Today, March 16, is the 35th anniversary of Jean Monnets death. This is why I change the schedule for my publications yet again. There is a free downlad link of a subchapter of my book on Volltext. The chapter as a whole addresses europeanist ideologies. The subsection is devoted to a critical appraisal of this founding father, a man, who is central to the whole EU project. The title means in free translation “Europe’s Granddad was Uncle Sam”.
There are three focal points:
- “Méthode Monnet”, which is todays prevalent political method in european politics. It is a mixture of lobbyism, deception and longterm tactics, designed to create inherent necessities and practical constraints for future politicians, thereby centralizing powers and shifting political loyalties towards centres in Brussels, Strasbourg and Frankfurt. Monnet was a mere practitioner and this is why the method named after him was put together only by his followers. But then, there was no Socratic method either, no method conceived by Socrates himself. Be that as it may, there can be no question, that what is now called “Méthode Monnet” is a true image of his political praxis.
- Monnet’s role in the formation of the “High Authority of the European Coal and Steel Community”, the predecessor of the European Commission. Monnet became its first president in 1952 and is in a sense precursor of José Manuel Durão Barroso. Monnet acted as the man of confidence for the US State Department, which has been after the formation of a unified european state since the 1940ies (at this time understandably so). The newly created authority was financed by the Americans to the tune of 100 million dollars, which was a lot of money in 1953. The coal and Steel authority was the first supranational european body and Monnet was received with full protocolary honours, when he paid a “state visit” to the US.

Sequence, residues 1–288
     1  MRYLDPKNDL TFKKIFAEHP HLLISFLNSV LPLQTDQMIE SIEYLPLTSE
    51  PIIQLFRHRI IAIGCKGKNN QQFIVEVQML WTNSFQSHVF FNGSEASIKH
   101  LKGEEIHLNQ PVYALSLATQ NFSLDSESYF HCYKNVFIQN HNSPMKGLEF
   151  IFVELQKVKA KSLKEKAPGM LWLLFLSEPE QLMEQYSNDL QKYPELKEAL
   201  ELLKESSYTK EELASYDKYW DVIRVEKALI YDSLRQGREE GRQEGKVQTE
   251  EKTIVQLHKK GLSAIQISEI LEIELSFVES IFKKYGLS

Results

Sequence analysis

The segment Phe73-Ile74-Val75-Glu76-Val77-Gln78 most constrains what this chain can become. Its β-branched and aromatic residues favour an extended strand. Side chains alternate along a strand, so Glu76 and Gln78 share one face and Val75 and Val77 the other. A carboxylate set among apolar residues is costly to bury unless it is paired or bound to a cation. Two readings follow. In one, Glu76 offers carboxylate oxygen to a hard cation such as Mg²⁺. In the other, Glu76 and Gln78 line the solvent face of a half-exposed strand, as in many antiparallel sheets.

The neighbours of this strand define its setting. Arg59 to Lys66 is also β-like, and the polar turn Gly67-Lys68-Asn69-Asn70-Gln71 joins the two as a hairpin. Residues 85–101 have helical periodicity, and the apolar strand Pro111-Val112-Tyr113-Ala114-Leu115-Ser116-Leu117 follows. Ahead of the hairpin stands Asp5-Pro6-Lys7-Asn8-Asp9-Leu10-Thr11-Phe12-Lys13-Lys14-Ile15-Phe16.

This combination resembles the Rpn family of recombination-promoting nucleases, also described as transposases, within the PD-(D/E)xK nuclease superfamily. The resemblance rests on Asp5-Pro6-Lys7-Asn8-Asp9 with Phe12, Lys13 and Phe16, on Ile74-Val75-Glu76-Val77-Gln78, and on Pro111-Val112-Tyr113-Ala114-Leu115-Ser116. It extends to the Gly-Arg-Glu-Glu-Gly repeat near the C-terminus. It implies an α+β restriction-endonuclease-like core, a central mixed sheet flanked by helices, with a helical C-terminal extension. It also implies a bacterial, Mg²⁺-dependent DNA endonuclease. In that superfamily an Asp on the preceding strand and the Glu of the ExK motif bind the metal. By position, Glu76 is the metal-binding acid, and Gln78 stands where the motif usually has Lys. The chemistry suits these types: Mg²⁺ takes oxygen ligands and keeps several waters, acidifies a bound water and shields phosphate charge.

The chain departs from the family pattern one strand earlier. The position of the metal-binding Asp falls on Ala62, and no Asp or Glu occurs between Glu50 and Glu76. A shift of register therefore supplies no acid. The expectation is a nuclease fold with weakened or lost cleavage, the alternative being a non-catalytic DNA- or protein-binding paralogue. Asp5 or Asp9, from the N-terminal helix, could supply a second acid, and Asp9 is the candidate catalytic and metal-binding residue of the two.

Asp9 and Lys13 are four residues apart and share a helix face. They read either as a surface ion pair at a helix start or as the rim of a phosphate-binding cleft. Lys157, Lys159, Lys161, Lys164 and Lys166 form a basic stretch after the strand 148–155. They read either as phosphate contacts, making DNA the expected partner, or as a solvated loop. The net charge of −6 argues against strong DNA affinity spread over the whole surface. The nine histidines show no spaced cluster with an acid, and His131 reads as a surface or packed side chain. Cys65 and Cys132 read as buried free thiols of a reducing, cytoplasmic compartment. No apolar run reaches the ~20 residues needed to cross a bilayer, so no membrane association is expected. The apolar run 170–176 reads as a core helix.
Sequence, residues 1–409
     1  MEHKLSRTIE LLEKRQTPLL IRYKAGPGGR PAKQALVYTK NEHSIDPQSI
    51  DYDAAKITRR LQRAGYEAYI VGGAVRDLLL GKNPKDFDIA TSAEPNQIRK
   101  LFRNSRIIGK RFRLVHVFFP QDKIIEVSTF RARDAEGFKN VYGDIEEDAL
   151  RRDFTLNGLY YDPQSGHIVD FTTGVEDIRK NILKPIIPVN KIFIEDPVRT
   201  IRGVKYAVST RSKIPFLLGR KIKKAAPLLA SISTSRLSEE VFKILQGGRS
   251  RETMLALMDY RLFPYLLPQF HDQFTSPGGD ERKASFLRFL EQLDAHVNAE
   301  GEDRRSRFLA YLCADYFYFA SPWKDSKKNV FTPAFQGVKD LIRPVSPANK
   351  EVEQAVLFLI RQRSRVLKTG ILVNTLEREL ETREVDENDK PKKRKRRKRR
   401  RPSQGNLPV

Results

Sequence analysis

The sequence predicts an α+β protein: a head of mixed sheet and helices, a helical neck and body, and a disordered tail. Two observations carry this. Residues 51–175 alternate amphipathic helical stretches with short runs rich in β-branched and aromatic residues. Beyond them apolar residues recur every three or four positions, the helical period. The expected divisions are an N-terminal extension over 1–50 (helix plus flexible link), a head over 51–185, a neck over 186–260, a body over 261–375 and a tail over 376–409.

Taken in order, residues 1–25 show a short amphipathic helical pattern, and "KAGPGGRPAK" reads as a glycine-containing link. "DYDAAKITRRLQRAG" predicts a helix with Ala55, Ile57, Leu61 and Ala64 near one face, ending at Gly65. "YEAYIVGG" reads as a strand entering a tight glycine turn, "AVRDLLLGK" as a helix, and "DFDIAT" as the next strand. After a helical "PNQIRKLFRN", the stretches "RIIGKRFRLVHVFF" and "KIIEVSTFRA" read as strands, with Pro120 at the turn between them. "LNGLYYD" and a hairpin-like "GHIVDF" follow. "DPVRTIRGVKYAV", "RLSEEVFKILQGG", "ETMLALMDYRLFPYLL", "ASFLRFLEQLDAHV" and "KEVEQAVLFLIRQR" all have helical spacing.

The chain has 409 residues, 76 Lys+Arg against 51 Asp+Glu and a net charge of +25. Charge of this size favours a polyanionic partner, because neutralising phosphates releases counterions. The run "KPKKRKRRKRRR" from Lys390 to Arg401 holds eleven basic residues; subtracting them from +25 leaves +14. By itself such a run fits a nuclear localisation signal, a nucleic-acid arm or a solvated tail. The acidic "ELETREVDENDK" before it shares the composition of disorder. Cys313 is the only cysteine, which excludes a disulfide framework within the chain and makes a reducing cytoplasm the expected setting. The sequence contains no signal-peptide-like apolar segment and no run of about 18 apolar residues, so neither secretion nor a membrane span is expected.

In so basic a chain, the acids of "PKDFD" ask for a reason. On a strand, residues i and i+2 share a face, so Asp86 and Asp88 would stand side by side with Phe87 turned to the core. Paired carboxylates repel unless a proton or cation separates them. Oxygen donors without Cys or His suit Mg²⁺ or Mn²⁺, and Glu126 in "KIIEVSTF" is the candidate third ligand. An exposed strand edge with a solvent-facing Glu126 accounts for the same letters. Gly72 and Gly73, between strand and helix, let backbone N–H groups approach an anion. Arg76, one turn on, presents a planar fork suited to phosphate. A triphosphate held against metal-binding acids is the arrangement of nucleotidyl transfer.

- My third aspect is the personality and carrer of this remarkable man who came from Cognac, a town in the southwest of France. Monnet was a strange mixture of a business man and a politician, a business man without a business in the real economy and a statesman, who never was elected. He spent most of his lifetime in the service of allied politicians, organizing things like war supplies or managing a newly created French planning commission. Only after the First World War he worked 10 or 15 years as an investment banker for Wall Street firms, seemingly engaging in activities which today would be called dubious or even corrupt.
Even so, Monnet still is an iconic figure for the europeanist’s movement. To give an example: He lent his name to a lifelong learning programme of the commission extending to 250.000 students and 1.650 professors every year. The scope of this programme are European integration studies in higher education institutions within and outside the European Union.
Full documentation is given in Volltext, because only part of my sources are online.